The Art of Diplomacy

Serving a nation by representing its interests abroad with Raffi Balian

Long before Armenia declared independence and established official diplomatic relations with Washington, just a stone’s throw from the nation’s capital in Arlington, Virginia, the Balian household served as a de facto “embassy.” On many evenings Rita and Vartkess Balian could be found hosting D.C.’s diplomatic set, engaging in lengthy discussions on pressing issues as they related to the Armenian people.

When a powerful earthquake devastated the city of Gyumri, the Balian home transformed into a command center overnight. Calls were coming in with pleas for help and requests to inform the U.S. government that Armenia was in desperate need of assistance. The well-connected couple began working the phones immediately, reaching out to the State Department. Within days, a specialized Urban Search and Rescue crisis response team from nearby Fairfax County, Virginia—one of two in the United States at that time—was preparing to be deployed to Gyumri.

For the Balian’s teenaged son Raffi, the coordinated international response, partially orchestrated right from his parents’ home, left a powerful impression. “That event really brought it home for me and demonstrated the value of diplomacy and diplomatic work very tangibly,” he recalled. “Later, my parents invited the Urban Search and Rescue team to our home to thank them and my mom asked me to say a few words on behalf of young Armenian-Americans. It was a very moving experience for me to meet the team and to hear firsthand the value of people to people exchanges.”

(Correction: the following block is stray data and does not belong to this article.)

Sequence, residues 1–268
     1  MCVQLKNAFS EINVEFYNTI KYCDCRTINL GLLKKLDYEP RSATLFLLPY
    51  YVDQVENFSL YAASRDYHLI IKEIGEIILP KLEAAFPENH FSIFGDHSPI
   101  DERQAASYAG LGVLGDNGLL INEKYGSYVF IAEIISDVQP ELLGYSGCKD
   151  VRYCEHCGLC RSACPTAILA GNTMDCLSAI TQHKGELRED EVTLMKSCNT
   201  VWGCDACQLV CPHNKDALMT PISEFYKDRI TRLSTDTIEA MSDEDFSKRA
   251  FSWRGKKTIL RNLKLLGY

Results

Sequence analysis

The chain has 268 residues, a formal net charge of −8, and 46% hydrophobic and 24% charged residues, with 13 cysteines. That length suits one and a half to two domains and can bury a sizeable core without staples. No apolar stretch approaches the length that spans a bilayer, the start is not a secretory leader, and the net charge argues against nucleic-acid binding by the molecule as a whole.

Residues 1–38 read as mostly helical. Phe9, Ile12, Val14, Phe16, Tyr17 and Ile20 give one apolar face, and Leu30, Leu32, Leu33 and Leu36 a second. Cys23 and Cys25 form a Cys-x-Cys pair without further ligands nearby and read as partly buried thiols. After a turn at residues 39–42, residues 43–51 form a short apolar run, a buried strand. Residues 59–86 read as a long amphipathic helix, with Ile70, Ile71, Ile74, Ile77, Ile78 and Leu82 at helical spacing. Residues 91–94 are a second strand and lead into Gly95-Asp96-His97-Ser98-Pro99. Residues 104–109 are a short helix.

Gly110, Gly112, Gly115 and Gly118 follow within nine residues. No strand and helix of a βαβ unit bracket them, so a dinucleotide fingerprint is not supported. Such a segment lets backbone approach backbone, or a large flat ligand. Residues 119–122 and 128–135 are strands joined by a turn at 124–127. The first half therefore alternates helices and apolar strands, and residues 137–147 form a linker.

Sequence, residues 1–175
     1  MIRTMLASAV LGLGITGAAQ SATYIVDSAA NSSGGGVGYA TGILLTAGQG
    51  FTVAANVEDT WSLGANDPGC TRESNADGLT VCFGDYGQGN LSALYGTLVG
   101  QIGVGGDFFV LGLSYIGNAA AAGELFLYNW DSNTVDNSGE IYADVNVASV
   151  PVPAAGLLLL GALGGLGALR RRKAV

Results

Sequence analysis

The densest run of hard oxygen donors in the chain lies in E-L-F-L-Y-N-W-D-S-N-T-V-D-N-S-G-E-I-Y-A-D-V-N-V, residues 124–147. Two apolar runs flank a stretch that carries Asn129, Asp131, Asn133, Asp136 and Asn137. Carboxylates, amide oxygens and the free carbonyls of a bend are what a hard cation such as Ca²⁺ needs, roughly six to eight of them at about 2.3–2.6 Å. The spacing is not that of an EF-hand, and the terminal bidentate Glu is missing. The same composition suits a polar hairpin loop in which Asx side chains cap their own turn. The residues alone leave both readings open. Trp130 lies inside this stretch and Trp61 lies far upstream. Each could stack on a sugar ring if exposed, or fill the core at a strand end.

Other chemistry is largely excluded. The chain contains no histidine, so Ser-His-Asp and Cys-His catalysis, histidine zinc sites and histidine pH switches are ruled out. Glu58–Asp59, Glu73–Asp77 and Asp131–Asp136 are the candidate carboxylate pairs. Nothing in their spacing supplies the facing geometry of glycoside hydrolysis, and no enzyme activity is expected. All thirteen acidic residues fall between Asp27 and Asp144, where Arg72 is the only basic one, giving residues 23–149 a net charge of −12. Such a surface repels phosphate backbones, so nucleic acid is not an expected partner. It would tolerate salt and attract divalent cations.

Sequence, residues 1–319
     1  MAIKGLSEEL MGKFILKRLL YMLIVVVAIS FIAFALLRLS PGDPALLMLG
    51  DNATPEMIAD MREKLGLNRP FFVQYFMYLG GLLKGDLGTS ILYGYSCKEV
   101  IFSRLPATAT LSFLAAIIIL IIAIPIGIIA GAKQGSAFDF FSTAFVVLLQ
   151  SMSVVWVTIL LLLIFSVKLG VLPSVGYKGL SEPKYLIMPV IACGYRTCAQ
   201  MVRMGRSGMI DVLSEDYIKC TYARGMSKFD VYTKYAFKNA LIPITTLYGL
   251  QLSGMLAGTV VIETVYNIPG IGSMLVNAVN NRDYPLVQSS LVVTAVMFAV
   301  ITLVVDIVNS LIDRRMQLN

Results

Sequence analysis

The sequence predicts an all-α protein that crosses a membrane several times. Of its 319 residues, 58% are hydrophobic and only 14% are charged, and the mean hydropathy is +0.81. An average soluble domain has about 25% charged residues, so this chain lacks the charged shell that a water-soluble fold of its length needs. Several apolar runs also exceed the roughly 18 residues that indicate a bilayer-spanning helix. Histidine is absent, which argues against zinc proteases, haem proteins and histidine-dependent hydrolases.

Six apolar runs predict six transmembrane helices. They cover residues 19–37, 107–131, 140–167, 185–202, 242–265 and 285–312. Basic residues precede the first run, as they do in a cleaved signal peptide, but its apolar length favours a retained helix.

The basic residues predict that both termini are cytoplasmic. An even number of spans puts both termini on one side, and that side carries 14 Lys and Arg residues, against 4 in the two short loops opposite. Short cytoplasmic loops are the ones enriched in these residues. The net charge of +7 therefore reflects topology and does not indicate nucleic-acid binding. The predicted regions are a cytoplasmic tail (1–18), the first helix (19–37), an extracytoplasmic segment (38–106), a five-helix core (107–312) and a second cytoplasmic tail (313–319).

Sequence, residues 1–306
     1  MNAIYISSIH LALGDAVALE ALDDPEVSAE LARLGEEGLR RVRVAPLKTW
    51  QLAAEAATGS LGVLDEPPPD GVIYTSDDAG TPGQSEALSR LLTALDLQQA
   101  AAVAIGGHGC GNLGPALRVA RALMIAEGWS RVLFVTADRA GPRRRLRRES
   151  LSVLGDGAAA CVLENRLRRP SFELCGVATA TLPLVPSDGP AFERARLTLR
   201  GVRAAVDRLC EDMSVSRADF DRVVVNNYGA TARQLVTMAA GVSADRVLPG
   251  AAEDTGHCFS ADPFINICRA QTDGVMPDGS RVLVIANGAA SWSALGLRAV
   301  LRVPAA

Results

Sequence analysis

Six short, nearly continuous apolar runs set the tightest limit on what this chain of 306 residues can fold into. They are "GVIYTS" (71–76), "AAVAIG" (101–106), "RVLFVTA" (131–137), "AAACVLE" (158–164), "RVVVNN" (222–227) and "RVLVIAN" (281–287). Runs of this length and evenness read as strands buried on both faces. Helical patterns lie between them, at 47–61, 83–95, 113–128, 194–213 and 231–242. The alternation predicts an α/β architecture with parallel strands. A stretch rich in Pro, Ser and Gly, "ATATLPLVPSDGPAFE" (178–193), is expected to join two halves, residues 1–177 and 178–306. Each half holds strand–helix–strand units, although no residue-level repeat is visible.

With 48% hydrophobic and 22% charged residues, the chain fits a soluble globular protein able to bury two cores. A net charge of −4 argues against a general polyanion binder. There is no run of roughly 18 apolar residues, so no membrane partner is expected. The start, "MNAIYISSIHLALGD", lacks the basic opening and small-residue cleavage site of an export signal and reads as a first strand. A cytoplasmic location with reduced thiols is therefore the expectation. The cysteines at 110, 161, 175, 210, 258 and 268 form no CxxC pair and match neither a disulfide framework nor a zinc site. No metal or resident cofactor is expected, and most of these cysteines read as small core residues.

A man speaks at a high-level panel discussion at an Energy Forum in Vienna

Raffi Balian, middle, speaks at the high-level panel discussion on integrated approaches for energy, water, food and health nexus during the 2015 Vienna Energy Forum.

As the Balians continued to assist the victims of the earthquake, helping establish a sister city relationship between Alexandria, Virginia and Gyumri, that meaningful experience cemented Raffi’s interest in global politics and diplomacy, which had taken root previously at the prestigious St. Albans School at the Washington National Cathedral, where he had established an international affairs club, inviting ambassadors and senior diplomats from nearby embassy row to speak to students. 

 Having been raised listening to stories from his grandmother who survived the Genocide and grew up in an orphanage in Beirut, Balian had also inherited an ingrained sensitivity to injustice best encapsulated in one of his favorite quotes from a letter Martin Luther King Jr. wrote while imprisoned in a Birmingham, Alabama jail: “Injustice anywhere is a threat to justice everywhere.”